A Morning With Pete Hamill: Novelist Speaks for 2011 Thomas J. Volpe Lecture Series
"Reading is active, watching television is passive," acclaimed novelist and essayist Pete Hamill told a standing room only crowd in St. Francis College's Founders Hall, December 1 as the 2011 speaker for the Thomas J. Volpe Lecture Series.
The legendary Brooklyn born journalist emphasized the importance of reading, shared stories of his life growing up in Brooklyn and discussed his travels abroad.
"It [reading] was essential to the making of my life ... and essential to millions and millions and millions of my generation," said Hamill. He explained that even though his family was poor he was not deprived because books such as Babar, allowed him to experience a world outside of the "urban hamlet" he lived in. A chair, lamp and book were all he needed to time travel to any destination his imagination desired.
"The reason to read doesn't go away as we get older," said Hamill. He encouraged the audience to make lists of books they should read or re-read, noting that life's experiences often tend to change our insight on stories. After all, he questioned, who would want to reach the end of their lives and realize they never read Moby Dick?
Hamill added that in re-reading his copy of a book on Aristotle's ethics, he now realizes, "how callow and young and arrogant I was when I was 21." He said that he kept it to remind himself that you never stop learning. " I cherished that copy because I had underlined all the wrong stuff. The points that Aristotle was making I was missing.
Hamill offered a great deal of advice to SFC students. He pointed out that reading enables individuals to develop a better understanding of human beings, urging students to use their talents to give a helping hand to those in need. He said that these talents enhance perspective and help us learn from one another, understanding both the visible and interior world.
The discussion also touched on the current ethical challenges that journalists face, highlighting the need for reporters to remember that press cards come with responsibility and certain boundaries should not be crossed. "You have to be very careful with ordinary citizens that you're not hurting them by what you write when they're at their most vulnerable." Hamill added that concerning the scandals with British tabloids, "Anybody that tried that in the newspapers that I worked at would be fired just for suggesting it."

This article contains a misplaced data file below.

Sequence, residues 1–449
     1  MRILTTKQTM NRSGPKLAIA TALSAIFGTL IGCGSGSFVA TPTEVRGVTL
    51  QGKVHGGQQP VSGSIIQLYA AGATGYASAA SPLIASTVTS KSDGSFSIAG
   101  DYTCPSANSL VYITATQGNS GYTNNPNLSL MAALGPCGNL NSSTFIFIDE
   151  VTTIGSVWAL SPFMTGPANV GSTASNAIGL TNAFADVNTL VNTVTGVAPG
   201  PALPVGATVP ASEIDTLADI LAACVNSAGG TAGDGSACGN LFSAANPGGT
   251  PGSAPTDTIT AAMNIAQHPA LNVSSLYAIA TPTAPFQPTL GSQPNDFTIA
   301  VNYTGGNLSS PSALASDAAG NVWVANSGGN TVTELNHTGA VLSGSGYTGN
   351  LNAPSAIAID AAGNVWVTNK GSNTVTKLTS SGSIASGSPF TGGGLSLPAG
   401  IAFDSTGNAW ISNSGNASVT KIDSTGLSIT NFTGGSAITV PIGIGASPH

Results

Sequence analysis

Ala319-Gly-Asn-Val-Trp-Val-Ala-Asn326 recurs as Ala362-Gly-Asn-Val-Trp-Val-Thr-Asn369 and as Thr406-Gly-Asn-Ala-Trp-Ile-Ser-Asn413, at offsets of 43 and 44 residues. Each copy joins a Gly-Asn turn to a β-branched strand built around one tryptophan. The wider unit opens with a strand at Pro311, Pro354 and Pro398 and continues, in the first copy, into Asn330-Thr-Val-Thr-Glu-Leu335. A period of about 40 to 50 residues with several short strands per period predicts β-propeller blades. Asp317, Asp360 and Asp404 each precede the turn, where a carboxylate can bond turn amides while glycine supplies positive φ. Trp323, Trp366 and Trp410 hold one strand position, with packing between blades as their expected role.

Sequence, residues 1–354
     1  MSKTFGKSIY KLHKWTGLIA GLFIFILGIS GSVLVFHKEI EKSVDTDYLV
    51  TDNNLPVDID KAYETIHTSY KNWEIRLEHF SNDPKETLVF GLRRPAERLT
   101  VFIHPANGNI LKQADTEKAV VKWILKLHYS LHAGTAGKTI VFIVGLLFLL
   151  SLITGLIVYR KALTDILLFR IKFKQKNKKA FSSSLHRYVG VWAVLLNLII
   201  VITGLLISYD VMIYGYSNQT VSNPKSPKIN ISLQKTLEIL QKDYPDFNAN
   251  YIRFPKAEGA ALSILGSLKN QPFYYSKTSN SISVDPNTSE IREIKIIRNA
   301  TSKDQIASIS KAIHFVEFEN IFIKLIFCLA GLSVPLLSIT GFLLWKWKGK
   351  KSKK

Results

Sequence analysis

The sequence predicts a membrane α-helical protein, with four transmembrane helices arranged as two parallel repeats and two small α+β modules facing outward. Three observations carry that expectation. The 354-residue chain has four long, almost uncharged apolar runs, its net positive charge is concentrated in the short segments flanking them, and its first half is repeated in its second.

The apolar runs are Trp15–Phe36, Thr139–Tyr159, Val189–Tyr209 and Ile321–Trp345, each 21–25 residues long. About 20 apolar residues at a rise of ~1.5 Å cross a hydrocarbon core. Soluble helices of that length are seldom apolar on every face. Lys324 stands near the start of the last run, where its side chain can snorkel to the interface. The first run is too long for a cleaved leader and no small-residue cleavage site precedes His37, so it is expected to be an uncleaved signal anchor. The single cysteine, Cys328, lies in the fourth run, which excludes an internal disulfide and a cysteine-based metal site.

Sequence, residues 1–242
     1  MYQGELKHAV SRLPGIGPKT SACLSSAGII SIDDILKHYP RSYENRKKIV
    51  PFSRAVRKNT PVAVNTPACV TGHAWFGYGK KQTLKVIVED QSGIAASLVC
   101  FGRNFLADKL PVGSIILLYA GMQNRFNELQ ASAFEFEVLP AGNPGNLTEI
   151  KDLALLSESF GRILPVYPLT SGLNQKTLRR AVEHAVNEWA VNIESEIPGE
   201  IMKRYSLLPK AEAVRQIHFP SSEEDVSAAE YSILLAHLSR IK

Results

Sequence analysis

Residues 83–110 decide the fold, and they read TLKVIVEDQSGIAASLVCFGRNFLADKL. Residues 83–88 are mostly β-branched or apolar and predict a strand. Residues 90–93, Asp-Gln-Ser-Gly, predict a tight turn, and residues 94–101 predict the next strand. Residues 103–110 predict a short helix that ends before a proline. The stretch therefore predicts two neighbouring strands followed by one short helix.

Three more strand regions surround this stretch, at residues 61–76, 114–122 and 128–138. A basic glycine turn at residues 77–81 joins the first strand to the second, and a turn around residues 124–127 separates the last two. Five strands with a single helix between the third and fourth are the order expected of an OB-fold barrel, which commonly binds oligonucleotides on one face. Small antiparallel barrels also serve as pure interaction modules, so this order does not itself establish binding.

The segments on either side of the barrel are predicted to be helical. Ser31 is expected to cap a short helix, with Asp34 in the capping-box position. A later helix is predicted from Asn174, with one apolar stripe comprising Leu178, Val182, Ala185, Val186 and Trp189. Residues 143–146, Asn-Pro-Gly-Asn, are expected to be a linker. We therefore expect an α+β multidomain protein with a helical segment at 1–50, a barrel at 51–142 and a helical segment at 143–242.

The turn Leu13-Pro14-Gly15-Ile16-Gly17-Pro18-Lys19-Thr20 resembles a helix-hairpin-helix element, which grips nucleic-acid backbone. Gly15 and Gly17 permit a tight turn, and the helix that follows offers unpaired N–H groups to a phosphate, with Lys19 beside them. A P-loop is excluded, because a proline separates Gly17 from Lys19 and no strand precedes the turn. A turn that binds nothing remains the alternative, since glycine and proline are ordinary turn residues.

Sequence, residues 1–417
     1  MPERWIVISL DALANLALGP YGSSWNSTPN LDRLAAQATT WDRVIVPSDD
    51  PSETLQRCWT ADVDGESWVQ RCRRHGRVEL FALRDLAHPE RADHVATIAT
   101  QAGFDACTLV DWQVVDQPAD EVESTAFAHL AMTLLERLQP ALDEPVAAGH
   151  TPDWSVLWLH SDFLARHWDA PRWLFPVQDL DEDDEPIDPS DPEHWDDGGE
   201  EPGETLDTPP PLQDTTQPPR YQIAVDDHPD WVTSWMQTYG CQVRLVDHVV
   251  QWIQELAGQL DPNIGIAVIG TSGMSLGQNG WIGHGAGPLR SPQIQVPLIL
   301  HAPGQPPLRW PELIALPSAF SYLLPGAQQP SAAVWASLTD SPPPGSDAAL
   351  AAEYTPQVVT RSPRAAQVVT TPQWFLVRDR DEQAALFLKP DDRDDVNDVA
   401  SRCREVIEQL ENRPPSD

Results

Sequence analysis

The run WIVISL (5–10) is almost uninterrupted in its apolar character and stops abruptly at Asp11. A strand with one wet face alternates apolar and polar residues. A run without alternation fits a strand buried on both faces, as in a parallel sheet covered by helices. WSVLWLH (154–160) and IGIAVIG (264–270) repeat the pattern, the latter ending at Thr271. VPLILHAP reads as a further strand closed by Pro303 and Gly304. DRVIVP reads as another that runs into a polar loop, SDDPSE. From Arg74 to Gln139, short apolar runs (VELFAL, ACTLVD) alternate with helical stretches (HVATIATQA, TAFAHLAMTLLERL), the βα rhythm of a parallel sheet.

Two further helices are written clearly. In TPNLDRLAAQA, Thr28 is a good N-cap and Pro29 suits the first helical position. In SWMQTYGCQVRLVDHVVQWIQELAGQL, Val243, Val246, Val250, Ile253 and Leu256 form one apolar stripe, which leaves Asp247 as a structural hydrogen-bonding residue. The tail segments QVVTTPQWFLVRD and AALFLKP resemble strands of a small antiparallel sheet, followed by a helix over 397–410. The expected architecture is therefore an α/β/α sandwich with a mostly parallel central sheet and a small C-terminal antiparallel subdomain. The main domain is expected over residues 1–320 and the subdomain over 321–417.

Hamill quoted the famous Scottish author Robert Louis Stevenson, who said, "Young writers should read like predators because what they are reading is food." Continuing to stress the importance of reading, Hamill said that individuals who want to live a fully conscious life gain through looking at the world and learning about the experiences of other people; adding that reading helps people on their journey through a world filled with hopes, dreams and accomplishments but also tragedy and destruction.
Pete Hamill's most recent novels include Tabloid City: A Novel as well as New York Times Bestseller, Snow in August, and North River: A Novel. His memoir, A Drinking Life, which chronicled his childhood and youth as a working class Irish kid in the 1940s and 1950s, spent 13 weeks on the Times Bestsellers List.
Guest speakers of the Volpe Lecture Series offer an international perspective in a variety of fields to the St. Francis College community; from business leaders to world leaders. Past speakers include authors E.L. Doctorow and Salman Rushdie, Russell Simmons (Def Jam), Mariane Pearl (wife of slain reporter Daniel Pearl), Paul Rusesabagina (the real Hotel Rwanda hero), Lech Walesa (former President of Poland, Nobel Prize winner) and George Mitchell (former U.S. Senator, Nobel Peace Prize nominee, baseball steroids report).
The lecture series is funded through a generous gift from Thomas J. Volpe, a former Senior Vice President of Financial Operations for The Interpublic Group of Companies, Inc. Volpe is Chairman Emeritus of the St. Francis College Board of Trustees.
St. Francis College, founded in 1859 by the Franciscan Brothers of Brooklyn, is located in Brooklyn Heights, N.Y. Since its founding, the College has pursued its Franciscan mission to provide an affordable, high-quality education to students from New York City's five boroughs and beyond.
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